The current financial crisis diminishes the West’s ability to a better dialogue with the rest of the world on global challenges, in managing the effects of globalization and global warming – just when Asia’s extraordinary economic progress poses unprecedented new challenges.

The spectacular rises in energy and food prices compound the effects of the financial turmoil and are ominous for what lies ahead. Quite tellingly, hedge funds have been involved in driving up the price of basic staples. It is the citizens of the poorest countries that will be most affected. We risk unprecedented destitution, proliferation
of failed states, migration and more armed conflicts.

Some people boast of “robust European economies”, better financial supervision and regulation (than in the US). And, arguably, there is some truth in it. But consider the increasing trouble in the property markets in the UK, Spain, and Ireland, and economic slowdown spreading all over Europe. Think also about economic nationalism and populism, which are both on the rise.

EU policy-makers, at Union and national level, have to provide a firm response to the current financial crisis. We need pragmatism, open-mindedness and cooperation in pursuing common goals!

Europe must take stock of these developments and identify the foreseeable consequences in the short and longer run, and come up with proposals for the International Community to counter the effects and root causes of this crisis.

It is time to set up an “European Crisis Committee” gathering high-profile politicians, former Heads of State and Government or Finance Ministers as well as renowned economists and financial experts of all continents. This Committee should have the following tasks:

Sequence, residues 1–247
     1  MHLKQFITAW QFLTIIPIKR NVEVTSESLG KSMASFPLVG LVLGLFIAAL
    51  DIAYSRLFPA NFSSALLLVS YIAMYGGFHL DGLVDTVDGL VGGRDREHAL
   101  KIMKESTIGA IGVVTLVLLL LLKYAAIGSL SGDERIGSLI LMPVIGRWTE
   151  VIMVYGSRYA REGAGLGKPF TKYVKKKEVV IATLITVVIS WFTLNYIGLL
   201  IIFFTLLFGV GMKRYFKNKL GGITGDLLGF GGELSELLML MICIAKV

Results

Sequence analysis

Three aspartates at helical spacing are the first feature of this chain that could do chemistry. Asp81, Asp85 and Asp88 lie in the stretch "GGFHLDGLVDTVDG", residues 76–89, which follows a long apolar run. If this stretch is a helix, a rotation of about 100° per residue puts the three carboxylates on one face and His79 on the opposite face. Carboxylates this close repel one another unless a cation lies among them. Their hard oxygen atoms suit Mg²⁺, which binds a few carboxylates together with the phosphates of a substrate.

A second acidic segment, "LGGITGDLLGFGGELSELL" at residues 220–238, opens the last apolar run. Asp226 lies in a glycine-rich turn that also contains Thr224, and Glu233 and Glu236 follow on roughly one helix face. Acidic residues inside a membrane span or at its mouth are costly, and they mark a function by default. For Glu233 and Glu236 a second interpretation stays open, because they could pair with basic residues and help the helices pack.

-To make an in-depth analysis of the financial crisis, in the wider context we have tried to outline above.
-To describe and assess the economic and social risks entailed by the
financial crisis to the real economy , particularly in Europe
-To suggest a series of measures to the Council of the European Union in order to avoid or limit these risks

-To present to the Council of Ministers, the Member States of the UN
Security Council, the Director-General of the IMF and all authorities and bodies concerned a set of proposals to limit the effects of this crisis and prepare a World Financial Conference in order to rethink the rules of international finance and the governance of global economic issues.

In 2000 we have agreed to make the European Union the most competitive area in the world. This was reconfirmed in 2005. We must ensure that Europe’s competitiveness is supported and not undermined by financial markets. We need to act now: in the name of our citizens, for more investment, economic growth, social
justice, job opportunities, and all in all, a better future for all Europeans.

Jacques Delors

Jacques Santer

Helmut Schmidt, Otto Graf Lambsdorff
Lionel Jospin, Pär Nuder
Michel Rocard. Hans Eichel
Göran Persson, Daniel Daianu
Massimo d’Alema, Ruairi Quinn
Poul Nyrup Rasmussen, Eero Heinäluoma
Paavo Lipponen
Laurent Fabius